At some point when working with WordPress you’ll likely want to display your page links in a dropdown navigation bar. While there are many plugins that will do this for you, none are necessary as coding a dropdown menu in a WordPress theme is rather easy.
Below I’ll show two simple ways to have WordPress create the html for a flexible and dynamic drop down menu in your theme. I won’t be covering the css styling in the post. If you’re unfamiliar with how to develop drop down menus in general here are two posts that will show you how.
The second link above is an example of a css only drop-down. You’ll have to view the source code to see how it’s done. I’ve never used it myself, but the author, Stu Nicholls has tested it across many browsers and versions.
Typical HTML in a Drop Down
In general any time you want to create a menu or navigation bar think unordered lists in your html. For a typical dropdown menu your html might look something like the following:
The code above is a simple nested list. Two keys to note are first that the nested list comes before the closing </li> of the menu item that will contain the drop down. A common mistake is to forget to add the nested list inside the list item. The other key is we’ve given the outside <ul> an id so we can hook into it through our css.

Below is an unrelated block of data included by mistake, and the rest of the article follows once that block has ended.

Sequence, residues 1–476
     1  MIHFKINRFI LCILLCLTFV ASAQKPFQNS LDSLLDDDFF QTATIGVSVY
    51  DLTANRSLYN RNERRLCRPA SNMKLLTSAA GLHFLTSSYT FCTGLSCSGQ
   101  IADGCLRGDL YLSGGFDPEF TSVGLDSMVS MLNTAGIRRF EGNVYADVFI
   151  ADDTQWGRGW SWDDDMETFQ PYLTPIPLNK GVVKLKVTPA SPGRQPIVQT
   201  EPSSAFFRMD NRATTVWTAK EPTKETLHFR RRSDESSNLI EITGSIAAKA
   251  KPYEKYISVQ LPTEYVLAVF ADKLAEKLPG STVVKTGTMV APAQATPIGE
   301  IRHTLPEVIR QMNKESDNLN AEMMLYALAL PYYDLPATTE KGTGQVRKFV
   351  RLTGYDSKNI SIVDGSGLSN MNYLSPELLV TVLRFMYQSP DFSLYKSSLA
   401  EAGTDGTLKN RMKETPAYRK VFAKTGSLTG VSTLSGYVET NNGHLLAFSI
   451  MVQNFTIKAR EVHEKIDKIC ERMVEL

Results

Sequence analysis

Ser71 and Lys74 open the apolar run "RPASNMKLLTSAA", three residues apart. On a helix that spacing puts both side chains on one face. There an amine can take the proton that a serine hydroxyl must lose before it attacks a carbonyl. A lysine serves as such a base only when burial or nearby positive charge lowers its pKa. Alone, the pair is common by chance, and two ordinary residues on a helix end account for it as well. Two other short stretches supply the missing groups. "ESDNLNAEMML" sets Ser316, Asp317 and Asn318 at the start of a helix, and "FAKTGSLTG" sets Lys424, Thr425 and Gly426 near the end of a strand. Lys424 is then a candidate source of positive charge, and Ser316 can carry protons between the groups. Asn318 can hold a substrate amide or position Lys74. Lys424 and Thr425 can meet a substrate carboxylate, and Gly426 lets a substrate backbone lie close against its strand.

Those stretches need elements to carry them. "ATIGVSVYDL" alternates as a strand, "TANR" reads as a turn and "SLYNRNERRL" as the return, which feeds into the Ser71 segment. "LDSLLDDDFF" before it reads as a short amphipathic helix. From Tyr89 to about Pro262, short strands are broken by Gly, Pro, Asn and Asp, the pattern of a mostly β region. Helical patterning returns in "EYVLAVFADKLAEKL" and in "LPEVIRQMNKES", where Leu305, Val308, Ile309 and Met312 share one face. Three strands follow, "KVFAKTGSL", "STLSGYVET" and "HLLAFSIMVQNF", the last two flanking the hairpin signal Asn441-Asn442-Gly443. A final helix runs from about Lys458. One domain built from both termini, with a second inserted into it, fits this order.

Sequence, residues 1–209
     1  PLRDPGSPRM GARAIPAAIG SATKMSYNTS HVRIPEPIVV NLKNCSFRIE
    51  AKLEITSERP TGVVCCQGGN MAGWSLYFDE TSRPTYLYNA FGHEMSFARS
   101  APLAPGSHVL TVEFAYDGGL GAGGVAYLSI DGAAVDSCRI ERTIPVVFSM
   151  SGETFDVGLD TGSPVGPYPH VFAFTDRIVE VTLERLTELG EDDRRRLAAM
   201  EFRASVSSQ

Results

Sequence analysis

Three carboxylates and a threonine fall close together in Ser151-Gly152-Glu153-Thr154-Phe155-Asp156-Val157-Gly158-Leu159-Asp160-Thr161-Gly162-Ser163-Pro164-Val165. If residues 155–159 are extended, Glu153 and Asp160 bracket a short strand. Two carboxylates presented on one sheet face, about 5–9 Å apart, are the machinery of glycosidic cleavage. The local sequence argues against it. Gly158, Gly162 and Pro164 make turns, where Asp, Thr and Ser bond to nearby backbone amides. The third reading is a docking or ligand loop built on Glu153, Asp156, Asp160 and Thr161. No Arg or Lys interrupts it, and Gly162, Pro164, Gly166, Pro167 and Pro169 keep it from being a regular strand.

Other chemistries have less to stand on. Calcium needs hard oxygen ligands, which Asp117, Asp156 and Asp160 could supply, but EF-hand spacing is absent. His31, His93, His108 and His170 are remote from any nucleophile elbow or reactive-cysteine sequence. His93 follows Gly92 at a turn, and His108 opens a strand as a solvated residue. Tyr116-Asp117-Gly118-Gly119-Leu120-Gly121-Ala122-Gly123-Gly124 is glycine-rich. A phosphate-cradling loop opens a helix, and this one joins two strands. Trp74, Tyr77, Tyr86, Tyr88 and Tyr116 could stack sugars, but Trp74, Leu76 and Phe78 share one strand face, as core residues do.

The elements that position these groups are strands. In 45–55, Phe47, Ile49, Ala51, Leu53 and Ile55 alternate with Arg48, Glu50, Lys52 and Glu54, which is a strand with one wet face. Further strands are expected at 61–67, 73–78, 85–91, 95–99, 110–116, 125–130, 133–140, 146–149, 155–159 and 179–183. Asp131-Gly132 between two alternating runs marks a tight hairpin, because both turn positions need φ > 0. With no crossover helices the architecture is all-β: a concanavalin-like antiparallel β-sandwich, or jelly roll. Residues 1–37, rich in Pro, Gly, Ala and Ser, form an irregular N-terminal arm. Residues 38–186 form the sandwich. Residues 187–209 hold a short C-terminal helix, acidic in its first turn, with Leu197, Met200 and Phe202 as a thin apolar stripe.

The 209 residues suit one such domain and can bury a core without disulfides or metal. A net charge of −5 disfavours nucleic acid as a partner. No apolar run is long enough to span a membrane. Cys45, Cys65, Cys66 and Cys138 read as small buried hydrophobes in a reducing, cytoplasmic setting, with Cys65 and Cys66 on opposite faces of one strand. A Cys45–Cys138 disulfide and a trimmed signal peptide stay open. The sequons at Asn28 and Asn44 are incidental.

Again I’ll point you to either of the two links above for styling a drop down menu. If you’d like me to write a post in the future showing the css and developing the full menu from scratch, leave a comment below.
Creating the HTML in WordPress
Editing the css file of a WordPress theme is straightforward. The hard part in creating the dropdown navigation is getting WordPress to display something close to the html above. Many people will hard code the html into their header.php file and while that works, it’s not particularly flexible. If you add a new menu item, you need to add another line of html in the appropriate place.
A better solution is to use a WordPress template tag to produce our html. There are two template tags that can produce the code we want. One has been around for years and one has only been with is since WordPress 2.7. Each has its advantages.
Dropdowns with wp_list_pages()